suggest that people could use items for which they know the size to
make an estimate. For example, most adults carry credit cards, their
driver’s license, and keys with them, and everyone always has their
fingers and their feet with them. A person might estimate the
dimensions of a floor by counting the number of floor tiles or by
walking heel-to-toe and then converting the result to inches or feet.
Refer to the chart of common objects from earlier in the
lesson. Take the rulers from students, and have them determine the
length of some items in the classroom, such as a pencil or the top of a
desk. On their own, students should realize that they can use the
reference items from the chart to make good approximations. For
instance, they might use a credit card to estimate the length of a
pencil. Remind students that estimation is important to this lesson, so
the computations can be approximate: "The pencil is roughly three
credit cards long, or about ten inches."
After students have estimated the lengths of several items,
discuss the results with the class. For each measurement, ask the class
to indicate if the answer is reasonable (thumbs up) or not reasonable
(thumbs down). Ask a few students to justify their answers.
Divide students into pairs. Put the Measurement Task Cards
in a bag or basket. Students should work together for the following
Think-Pair-Share activity. Carefully explain the following process
before students get started:
- Partners will find a good place in the classroom to work together.
- Pairs will pick one task card, and they will read the task out loud.
- The teacher will signal the beginning of Think, which is one minute for students to individually ponder the problem and consider possible strategies for solving it.
- The teacher will then signal the beginning of Pair,
during which partners have a conversation about ways to estimate the
length using common items. Students should understand that both partners should get a chance to share ideas during this five‑minute period.
- The teacher will signal the beginning of Share, which can either be done as an entire group, or one pair of students can share with another pair.
You may wish to use non‑verbal signals such as a bell or other sound, a change in lighting, or American Sign Language for think, pair, and share.
Note that there are plenty of task cards. The cards can be
replaced in the container, and the activity can be repeated several
The lesson can end with students sharing their ideas from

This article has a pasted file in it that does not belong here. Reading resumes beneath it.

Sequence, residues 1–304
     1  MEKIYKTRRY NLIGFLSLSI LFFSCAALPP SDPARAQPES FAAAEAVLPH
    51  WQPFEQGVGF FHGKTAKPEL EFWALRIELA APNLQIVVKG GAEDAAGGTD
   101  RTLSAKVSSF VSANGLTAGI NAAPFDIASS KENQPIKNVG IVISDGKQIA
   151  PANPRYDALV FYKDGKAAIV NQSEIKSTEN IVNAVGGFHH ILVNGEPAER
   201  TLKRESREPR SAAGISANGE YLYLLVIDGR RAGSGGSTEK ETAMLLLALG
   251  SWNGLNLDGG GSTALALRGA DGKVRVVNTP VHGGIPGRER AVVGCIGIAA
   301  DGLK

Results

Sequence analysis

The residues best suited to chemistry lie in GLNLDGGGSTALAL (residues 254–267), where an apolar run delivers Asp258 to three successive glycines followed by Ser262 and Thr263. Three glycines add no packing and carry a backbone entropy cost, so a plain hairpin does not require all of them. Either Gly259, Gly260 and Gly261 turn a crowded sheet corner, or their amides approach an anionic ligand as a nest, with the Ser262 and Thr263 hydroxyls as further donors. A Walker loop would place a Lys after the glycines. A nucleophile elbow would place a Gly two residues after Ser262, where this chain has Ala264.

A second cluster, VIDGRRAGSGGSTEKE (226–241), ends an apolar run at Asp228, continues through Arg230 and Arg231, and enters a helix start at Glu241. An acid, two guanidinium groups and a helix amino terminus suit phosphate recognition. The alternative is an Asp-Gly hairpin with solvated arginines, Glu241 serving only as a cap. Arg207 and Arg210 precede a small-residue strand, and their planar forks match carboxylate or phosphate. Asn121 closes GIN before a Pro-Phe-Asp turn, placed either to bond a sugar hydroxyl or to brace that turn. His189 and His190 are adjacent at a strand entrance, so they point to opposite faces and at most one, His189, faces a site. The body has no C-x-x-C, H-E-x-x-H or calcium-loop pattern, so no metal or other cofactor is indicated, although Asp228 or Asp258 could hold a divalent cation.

Think-Pair-Share, with all students completing the first Assessment
Option below, or with students writing an answer to one of the Key
Questions in their journals.
Questions for Students
1. Are your makeshift measures reasonable? How do you know?
[Students might justify their results using visualization (e.g., "I can
imaginethat the pencil is about as long as three credit cards"), or
comparison (they got a different answer than a friend.]
2. What other objects could be used to estimate measurements? Why would they be useful?
[Students could suggest many objects, such as a new pencil
("because there’s always one in my desk"), a bicycle ("because it stays
the same size and is easy to move"), or paper clips ("because they are
lightweight, of a standard size, and we have lots of them").]
3. Which is more useful as a referent, body parts or the objects we used today? Why?
[Students might suggest that either is more useful for
different reasons. For instance, they may say that body parts are more
useful, because you always have them with you, or they may say that
objects are more useful because their size stays the same. Either
answer could be correct, depending on the student’s justification.
Students should realize that the answer depends on the item being
measured and how accurate you have to be.
- How did students demonstrate understanding of the materials presented?
- Was students’ level of enthusiasm/involvement high or low? Explain why.
- How did you lesson address auditory, tactile, and visual learning styles?
- What were some of the ways that the students illustrated that they were actively engaged in the learning process?